How did I fit into this environment? I was the son of a farmer who, because of his aging mother’s Alzheimer’s disease and his own alcoholism, lost the farm to the bank. Consequently, he became a pauper and was unable to afford my schooling. However, his sister was a “reverend mother: in the convent, also in Ballarat East. This fact was obviously to my advantage in gaining admission to Villa.
My term of 7 1/2 years at Villa was a mixed one, with numerous ups and downs, yet at its conclusion I passed my Merit Certificate, I also obtained a scholarship which provided me with secondary education and accommodation at St Patrick’s College, a boy’s boarding school, also in Ballarat.
Happy memories of Villa do not come readily, although of a weekend we would often go on walks in the beautiful surrounds of the Ballarat countryside. I recall having fires into which we would throw potatoes and roast them, splurging them with the ever-available butter. Ever available because the nuns ran a farm ion conjunction with the school. The farm provided milk, butter, potatoes, fruit and vegetables and was a distraction from more mundane doings.
On the darker side, as a tiny slip of a kid I rarely ate my meals. As a result, I would regularly be forced to stay behind in the dining room while other kids had gone out to play. I did, however, have a stroke of luck in that some how a packet of envelopes came into my possession. Yes, I would wait until all the other kids had gone out to play and surreptitiously fill an envelope with my uneaten meal. The envelope would eventually find its way into the incinerator. All very good until I was caught out!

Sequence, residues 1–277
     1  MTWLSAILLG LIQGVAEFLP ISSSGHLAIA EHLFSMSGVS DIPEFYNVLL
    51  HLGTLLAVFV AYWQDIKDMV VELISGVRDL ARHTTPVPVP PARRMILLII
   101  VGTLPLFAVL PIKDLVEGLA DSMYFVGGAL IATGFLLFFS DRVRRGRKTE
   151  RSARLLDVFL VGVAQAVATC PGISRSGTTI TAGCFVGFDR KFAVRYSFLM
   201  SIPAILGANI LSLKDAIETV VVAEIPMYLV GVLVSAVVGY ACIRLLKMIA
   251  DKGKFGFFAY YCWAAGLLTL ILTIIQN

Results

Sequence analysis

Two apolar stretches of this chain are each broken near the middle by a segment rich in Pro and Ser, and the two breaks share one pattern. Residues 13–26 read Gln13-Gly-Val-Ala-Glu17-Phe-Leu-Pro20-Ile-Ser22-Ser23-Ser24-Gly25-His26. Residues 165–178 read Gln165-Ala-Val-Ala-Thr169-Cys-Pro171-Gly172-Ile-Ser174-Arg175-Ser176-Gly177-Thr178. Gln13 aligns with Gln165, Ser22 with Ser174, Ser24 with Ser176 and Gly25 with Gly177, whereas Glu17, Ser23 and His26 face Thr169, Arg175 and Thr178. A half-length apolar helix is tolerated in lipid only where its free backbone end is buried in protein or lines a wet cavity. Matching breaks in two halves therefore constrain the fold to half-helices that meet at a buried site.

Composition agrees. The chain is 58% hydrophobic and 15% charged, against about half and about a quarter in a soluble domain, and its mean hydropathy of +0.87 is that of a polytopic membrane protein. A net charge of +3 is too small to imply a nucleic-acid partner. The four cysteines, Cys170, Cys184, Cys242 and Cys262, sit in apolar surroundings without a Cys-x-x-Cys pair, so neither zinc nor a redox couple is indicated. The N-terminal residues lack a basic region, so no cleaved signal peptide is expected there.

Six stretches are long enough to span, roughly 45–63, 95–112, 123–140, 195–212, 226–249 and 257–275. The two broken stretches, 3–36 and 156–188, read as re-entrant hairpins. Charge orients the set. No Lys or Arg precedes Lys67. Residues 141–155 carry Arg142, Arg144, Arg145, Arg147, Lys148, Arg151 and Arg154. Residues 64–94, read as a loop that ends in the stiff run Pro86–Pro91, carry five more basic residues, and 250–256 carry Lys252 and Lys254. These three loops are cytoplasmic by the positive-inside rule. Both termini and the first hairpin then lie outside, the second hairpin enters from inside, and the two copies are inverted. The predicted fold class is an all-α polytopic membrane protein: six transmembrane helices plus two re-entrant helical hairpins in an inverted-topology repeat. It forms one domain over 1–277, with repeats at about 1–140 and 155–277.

The nuns placed large import on their straps as a means of punishment. Sister Brendan claimed to have a strap 6 feet in length. Or it was until she broke it on me!
Sister Brendan also possessed a nasty streak in her character. She took a disliking to my brother, Basil. She took it out on the “horse”. Remember the “springboard” and the “horse” gymnastics! Well, Basil did not shine in gymnastics, and she chose to show him up in front of the whole school. I was quite adept at this sport and she decided to pit him against me. As was to be expected, he performed very poorly and I was in good form. I won’t say I did it deliberately, but I managed, as I hurdled the horse, to kick her fair and square in the mouth. I can still see the imprint of my wet sand shoe on her face. Poetic justice!
The above are a couple of poorer examples over my term at Villa. There were many other incidents, both good and otherwise, but I must admit that the nuns, obviously, despite all their faults, gave me a sound grounding for what has turned out to be a fulfilling life.
25 May, 2020